Wisdom is the most precious gift a person can possess.  Without this treasure, all other possessions are useless, as we won’t know how to use them.  On being told he could have anything he wanted from God, Solomon asked for, and was given the gift of wisdom (2 Chronicles 7-12.)  However, that doesn’t mean Solomon was given wisdom on a “silver platter.”  That does not…and cannot happen.  Wisdom, when acquired at all, comes to us gradually, and often, painfully.  Over the course of a lifetime, it is like dew, coming in “tiny droplets,” without our knowing it. 

 However, some experiences may enable us to take a “giant step” forward.  Sometimes it takes some kind of crisis to teach a person a little wisdom.  The words of Paul come true, namely, that in His mercy, “God makes all things work together for good of those who love Him” (Romans 8:28-30.)  Many times, in life, our worst misfortunes can become our greatest blessings.  If we ignore them, passing them off as simple “bad luck,” our pride or foolishness may cause us to throw away the experiences that may bring us closer to God and help us to grow.  From pain and difficulty, we learn to be less dependent on our own devices, and seek spiritual assistance.  The Holy Spirit is within us to help us discover answers when none seem apparent to us.  Trusting Him and having patience, we will see with our own eyes the Scriptural promise. Should misfortune return to us, we will remember what we have learned and not lose heart—another example of wisdom gained. 

 Jesus taught: “Wherever your treasure is, there will be your heart, too” (Matthew 6:19-21.)  So, if we want to know what our treasure is, all we have to do is ask ourselves: “Where is that which I love—that I am willing to pursue with all my heart?”  Therein lies our treasure….  However, it is not in material things that we will find satisfaction.  Riches bring anxiety; wisdom brings peace of mind.  And this isn’t “worldly wisdom”—it is something much deeper and very much more precious.  It is the knowledge of just what is truly important in life.  It means being able to see life from a spiritual point of view; being able to live in a manner in keeping with serenity and well-being for all of God’s creation.  Put another way, it means knowing how to live in a “Godly” manner.   If we don’t have that, then no matter how many possessions we may have or how successful we become, we will not find happiness.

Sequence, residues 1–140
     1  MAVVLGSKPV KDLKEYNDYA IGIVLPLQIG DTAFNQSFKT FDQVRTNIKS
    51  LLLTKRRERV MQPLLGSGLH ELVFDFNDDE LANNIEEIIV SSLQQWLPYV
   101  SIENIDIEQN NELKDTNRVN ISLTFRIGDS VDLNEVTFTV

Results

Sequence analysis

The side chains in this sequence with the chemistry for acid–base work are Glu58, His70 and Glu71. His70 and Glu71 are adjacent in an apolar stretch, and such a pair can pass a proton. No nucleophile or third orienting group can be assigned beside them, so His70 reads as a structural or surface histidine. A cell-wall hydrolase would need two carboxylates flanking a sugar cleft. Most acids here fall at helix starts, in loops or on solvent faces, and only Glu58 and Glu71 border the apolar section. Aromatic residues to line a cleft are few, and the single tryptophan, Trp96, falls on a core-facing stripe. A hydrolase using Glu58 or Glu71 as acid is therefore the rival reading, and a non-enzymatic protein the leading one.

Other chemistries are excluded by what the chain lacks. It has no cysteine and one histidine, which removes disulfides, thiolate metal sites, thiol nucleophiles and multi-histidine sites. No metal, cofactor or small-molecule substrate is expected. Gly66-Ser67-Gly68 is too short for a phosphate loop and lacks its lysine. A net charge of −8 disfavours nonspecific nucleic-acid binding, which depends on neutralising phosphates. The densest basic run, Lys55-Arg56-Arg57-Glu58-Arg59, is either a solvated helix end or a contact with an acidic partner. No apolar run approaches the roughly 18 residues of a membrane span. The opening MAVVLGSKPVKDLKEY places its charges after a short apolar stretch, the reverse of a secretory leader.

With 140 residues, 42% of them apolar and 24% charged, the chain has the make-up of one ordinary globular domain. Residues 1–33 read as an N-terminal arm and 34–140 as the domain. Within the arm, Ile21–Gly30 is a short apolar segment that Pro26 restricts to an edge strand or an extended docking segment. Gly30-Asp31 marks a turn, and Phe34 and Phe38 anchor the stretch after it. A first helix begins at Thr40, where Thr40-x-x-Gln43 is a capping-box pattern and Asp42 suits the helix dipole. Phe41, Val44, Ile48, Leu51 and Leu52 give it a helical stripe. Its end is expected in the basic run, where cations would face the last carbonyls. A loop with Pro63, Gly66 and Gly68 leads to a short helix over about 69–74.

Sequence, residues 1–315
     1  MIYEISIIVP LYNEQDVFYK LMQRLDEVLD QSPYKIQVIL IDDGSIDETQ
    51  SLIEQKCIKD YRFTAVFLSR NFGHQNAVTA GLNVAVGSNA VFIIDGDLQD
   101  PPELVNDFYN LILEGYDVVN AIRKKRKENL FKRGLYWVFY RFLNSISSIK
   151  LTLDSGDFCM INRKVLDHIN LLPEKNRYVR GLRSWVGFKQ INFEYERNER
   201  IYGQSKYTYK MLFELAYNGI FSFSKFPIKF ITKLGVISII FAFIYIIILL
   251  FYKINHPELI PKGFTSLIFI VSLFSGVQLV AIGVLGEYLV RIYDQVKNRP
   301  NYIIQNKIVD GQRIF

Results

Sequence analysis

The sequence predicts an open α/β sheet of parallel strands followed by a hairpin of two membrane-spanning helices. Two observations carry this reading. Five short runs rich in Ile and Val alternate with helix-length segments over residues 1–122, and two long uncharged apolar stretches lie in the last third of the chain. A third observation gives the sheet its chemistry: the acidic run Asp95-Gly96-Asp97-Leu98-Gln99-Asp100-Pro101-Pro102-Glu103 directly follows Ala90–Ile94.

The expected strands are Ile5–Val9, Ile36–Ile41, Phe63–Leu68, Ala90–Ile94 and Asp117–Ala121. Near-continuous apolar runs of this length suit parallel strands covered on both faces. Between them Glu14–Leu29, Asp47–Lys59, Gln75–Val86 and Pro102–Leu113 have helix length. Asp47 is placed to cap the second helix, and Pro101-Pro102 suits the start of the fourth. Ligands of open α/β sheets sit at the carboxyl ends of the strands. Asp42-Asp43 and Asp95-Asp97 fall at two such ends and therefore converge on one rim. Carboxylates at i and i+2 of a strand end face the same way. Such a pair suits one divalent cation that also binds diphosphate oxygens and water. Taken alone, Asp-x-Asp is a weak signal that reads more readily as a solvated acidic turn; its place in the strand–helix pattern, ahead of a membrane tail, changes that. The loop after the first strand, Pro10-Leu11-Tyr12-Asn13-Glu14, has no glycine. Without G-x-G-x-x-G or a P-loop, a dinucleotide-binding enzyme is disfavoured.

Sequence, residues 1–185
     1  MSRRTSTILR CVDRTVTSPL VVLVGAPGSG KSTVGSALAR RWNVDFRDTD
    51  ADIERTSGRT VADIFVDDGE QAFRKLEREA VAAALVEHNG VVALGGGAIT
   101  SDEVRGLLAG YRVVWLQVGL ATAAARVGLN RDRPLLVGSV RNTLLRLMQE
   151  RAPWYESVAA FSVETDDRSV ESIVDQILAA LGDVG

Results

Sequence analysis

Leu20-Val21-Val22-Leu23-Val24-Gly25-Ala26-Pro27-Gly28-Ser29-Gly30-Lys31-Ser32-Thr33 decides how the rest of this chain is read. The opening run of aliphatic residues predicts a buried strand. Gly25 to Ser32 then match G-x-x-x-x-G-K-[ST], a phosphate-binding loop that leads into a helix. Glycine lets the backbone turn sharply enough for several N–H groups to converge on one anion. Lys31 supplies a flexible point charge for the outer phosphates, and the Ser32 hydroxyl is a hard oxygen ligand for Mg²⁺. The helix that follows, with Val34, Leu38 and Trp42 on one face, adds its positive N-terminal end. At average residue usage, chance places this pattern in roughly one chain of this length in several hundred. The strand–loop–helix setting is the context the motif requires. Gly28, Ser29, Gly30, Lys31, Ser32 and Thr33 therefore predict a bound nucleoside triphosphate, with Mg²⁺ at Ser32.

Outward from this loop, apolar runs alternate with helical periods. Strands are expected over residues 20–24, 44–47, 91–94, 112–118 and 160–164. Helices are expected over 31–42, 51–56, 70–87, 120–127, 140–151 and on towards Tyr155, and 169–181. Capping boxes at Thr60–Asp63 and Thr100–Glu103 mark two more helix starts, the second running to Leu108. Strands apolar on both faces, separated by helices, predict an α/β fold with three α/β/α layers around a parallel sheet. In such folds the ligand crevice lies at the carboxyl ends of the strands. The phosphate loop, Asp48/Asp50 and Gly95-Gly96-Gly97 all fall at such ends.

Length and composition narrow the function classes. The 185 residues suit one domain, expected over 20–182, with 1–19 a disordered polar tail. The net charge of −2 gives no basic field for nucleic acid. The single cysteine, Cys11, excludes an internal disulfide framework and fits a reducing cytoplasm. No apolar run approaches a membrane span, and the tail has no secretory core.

Then, too, wisdom is not the same as knowledge.  Knowledge speaks to something we have, whereas wisdom refers to that which we are.  Unlike knowledge which we acquire through diligent effort, wisdom is gained through inspiration.  Communicated to us from our Creator, it is grandeur of our destiny. Once we discover and possess wisdom, it cannot be taken from us. 

May God Richly Bless You!


“We become like that which we love.

 If we love what is base, we become base. 

But if we love what is noble, we become noble”

 Archbishop Fulton J Sheen

 All Things Work Together for Good.docx

All Things Work Together for Good.mp3

To view a live stream of the Liturgy of the Word for the 17th Sunday in Ordinary Time, Click here:  https://youtu.be/NB0ZkzXayls


All Things Work Together for Good.mp3